Seth Godin’s latest book, The Practice, reads like a manifesto about doing creative work, but beyond the apparent surface, it makes a beautiful, inspiring case for generosity and commitment in whatever we do.
Truth be told, I would probably not have started writing in my blog and publishing every day if I hadn’t read The Practice and felt inspired by it. Anyone looking to bring better into the world would benefit by reading it.
The concepts apply much more broadly than to work such as writing, music, or the visual arts. Arguably, we are creative in how we lead, how we solve problems, and how we interact with others, too. We can bring many of Godin’s ideas to bear in those dimensions of work as well.
As the title suggests, The Practice means doing the work we set out to do, day in, day out, despite adversity or resistance. Godin means it in the same sense as a musician or a professional athlete.
Beyond daily practice, the subtitle of the book, “Shipping Creative Work, “makes an important point. It’s not about doing work in secret, privately squirreling away the pages of a novel never to be published. While there’s nothing wrong with that, it’s the work of an amateur. It’s about what Godin calls “shipping,” a concept he comes back to again and again in his work. Simply put, it means putting work out there for the public to consume, to experience, to react. Shipping is sharing.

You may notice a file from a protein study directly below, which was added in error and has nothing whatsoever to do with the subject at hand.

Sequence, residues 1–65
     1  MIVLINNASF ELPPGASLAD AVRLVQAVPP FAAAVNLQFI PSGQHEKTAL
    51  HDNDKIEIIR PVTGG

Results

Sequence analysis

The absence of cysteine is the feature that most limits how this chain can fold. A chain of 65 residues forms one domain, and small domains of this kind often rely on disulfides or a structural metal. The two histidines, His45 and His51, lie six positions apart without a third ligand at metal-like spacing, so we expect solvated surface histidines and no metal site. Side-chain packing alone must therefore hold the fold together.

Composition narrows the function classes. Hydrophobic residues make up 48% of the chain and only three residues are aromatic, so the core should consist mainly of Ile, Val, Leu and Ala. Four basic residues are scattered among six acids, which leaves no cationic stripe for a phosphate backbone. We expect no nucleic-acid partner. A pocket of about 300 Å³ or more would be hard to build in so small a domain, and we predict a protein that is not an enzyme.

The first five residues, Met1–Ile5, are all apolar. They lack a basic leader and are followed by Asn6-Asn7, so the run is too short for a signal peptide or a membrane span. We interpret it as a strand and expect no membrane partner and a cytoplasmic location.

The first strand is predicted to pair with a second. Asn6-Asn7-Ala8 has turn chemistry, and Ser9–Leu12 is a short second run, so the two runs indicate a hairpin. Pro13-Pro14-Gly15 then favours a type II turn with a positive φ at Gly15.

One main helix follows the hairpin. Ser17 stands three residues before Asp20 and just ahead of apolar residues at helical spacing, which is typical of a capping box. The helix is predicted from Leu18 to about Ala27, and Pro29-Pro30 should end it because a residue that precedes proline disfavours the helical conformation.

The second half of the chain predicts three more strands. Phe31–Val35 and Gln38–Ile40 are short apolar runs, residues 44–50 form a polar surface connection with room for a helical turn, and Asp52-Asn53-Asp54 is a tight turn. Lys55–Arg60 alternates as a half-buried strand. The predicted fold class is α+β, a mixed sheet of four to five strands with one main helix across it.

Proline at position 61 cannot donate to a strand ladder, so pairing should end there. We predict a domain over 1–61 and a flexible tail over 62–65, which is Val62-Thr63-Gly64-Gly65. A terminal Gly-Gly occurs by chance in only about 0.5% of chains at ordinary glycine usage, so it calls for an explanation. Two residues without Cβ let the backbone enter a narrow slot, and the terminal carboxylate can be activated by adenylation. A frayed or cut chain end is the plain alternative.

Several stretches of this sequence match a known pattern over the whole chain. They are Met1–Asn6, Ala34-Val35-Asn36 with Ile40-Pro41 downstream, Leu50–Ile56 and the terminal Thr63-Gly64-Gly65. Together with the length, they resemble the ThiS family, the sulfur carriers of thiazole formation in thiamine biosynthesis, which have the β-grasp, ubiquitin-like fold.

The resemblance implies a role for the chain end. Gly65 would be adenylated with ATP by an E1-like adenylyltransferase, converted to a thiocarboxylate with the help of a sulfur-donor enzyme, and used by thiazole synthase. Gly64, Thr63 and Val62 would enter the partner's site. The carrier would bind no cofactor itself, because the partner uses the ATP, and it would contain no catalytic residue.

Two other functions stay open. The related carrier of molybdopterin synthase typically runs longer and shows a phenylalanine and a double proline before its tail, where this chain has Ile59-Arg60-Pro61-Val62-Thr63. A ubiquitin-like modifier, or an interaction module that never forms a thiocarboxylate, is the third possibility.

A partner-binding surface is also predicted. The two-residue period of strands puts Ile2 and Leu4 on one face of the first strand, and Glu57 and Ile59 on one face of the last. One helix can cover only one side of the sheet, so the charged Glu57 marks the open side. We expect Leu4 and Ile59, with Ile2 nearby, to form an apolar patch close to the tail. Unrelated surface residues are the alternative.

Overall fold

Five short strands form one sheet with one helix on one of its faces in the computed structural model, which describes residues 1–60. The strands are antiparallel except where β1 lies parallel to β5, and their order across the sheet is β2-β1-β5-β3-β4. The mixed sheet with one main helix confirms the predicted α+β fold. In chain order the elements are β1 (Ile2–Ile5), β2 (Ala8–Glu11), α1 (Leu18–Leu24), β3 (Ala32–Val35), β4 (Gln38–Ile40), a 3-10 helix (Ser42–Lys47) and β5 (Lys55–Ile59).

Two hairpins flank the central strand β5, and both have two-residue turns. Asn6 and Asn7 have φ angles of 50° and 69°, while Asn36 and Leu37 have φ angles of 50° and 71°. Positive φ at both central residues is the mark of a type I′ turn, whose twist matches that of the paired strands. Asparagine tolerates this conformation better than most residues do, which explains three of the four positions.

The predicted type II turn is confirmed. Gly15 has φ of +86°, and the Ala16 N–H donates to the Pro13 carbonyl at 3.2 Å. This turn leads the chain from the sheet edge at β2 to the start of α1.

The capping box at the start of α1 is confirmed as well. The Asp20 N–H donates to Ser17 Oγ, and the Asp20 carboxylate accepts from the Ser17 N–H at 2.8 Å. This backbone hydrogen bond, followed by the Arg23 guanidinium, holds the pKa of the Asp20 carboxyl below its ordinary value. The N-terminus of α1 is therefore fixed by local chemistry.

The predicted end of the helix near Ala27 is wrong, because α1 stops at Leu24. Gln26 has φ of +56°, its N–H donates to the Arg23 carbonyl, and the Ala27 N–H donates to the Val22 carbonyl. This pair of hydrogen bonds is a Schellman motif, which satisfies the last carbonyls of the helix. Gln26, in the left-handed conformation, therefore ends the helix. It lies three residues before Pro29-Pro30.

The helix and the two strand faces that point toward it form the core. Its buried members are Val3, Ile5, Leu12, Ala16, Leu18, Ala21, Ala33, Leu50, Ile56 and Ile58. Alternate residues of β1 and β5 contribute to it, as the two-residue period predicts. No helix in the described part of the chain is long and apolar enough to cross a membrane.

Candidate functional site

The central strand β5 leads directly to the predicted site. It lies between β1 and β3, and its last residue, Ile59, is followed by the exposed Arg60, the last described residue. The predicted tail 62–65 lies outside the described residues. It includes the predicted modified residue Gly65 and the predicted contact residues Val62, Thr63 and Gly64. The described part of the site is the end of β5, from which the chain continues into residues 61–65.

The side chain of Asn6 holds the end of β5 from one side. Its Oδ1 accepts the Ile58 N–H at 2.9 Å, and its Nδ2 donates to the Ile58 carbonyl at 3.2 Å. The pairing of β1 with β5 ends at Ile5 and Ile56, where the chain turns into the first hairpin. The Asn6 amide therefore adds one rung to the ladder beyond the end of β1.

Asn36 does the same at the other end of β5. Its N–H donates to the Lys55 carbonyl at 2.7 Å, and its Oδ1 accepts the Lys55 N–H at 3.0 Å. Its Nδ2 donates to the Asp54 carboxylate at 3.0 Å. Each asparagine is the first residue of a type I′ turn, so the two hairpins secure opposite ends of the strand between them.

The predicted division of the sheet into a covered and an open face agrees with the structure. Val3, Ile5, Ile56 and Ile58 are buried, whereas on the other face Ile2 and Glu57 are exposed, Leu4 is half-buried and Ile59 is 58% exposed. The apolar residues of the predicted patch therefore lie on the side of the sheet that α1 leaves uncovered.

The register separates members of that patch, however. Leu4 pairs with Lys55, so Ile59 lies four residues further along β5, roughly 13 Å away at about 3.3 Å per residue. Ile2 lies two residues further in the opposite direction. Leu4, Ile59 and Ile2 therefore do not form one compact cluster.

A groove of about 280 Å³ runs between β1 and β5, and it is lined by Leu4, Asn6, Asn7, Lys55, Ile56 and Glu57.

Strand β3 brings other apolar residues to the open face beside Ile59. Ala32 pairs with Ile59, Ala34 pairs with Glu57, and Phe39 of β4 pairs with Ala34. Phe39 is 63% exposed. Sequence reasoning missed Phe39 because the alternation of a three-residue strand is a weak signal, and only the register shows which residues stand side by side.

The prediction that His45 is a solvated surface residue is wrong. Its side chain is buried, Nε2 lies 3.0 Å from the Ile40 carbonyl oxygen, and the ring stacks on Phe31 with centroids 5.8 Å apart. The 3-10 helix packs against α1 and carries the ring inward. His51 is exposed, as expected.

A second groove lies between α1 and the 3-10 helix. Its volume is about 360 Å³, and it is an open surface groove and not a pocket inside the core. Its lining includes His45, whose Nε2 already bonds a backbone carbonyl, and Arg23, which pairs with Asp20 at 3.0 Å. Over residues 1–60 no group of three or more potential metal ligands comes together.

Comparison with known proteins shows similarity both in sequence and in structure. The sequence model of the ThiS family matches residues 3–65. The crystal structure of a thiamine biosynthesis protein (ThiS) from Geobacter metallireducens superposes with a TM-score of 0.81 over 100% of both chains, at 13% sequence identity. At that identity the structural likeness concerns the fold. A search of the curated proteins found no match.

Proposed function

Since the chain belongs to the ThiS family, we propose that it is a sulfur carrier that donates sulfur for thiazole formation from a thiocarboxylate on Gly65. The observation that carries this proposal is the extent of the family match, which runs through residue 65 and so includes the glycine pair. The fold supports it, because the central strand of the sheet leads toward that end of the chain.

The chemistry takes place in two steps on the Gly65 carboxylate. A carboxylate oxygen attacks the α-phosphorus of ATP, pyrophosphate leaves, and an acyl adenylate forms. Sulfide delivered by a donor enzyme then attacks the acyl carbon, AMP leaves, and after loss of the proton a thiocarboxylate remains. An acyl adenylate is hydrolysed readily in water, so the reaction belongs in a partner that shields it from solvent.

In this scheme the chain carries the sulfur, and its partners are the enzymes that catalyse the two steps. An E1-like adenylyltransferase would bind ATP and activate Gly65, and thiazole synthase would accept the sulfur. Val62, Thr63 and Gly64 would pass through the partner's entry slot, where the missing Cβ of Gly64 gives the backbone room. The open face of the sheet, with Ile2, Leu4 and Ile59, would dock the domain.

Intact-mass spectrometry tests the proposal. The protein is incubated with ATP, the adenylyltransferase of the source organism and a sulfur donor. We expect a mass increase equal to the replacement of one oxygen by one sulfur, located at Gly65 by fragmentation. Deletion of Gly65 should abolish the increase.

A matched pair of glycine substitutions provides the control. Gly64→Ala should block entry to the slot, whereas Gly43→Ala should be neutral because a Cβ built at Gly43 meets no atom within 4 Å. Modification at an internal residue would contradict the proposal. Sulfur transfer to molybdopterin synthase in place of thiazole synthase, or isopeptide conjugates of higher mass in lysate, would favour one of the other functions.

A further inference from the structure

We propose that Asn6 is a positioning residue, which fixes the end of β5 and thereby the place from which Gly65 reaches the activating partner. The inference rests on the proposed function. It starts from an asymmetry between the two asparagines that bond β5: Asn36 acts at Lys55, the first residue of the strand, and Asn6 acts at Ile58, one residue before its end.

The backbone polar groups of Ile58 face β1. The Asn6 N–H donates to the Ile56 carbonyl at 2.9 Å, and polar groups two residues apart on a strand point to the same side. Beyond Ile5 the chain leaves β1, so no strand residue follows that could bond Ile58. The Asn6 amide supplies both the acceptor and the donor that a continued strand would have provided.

The focus on sharing is why I see The Practice as a book about generosity, perhaps even more so than creative work and discipline. The generosity that Godin calls for is both a generosity to ourselves and to our audience. The first chapter of the book is about trusting yourself, believing in your voice and your value. What better way to anchor a creative practice?
From there, Godin speaks about generosity itself, because doing creative work means leaving people and situations better off. “Artists have a chance to make things better by making better things. Contributing work to those whom they serve. Turning on lights, opening doors, and helping us not only connect to our better nature, but to one another.” (p 46)
This sort of creative generosity grounds our intent — again, not necessarily as artists but as agents of any kind of change in the world, change mediated by the things we make or do. Godin asks readers to take a long, hard look at the change we seek to make in the doing work that we do.
Intent brings in the other theme I found so powerful in this book, that of commitment. Intent gives us something to commit to. It’s why I see this book as so relevant to the practice of thought leadership as well. I don’t think it even counts as thought leadership if it isn’t grounded in some notion of what you are trying to change.
Intent galvanizes commitment. It’s what means enough that we are able to commit to it. It’s what powers us through creative blocks. In fact, Godin boldly claims that creative blocks don’t exist. Creative blocks dissipate when we show up and do the work, again and again, and elevate the commitment to the courage to ship our stuff. Not explicitly how Godin phrases it, but it’s a chain reaction. Intent, commitment, courage.
Repeat the cycle, and that’s The Practice.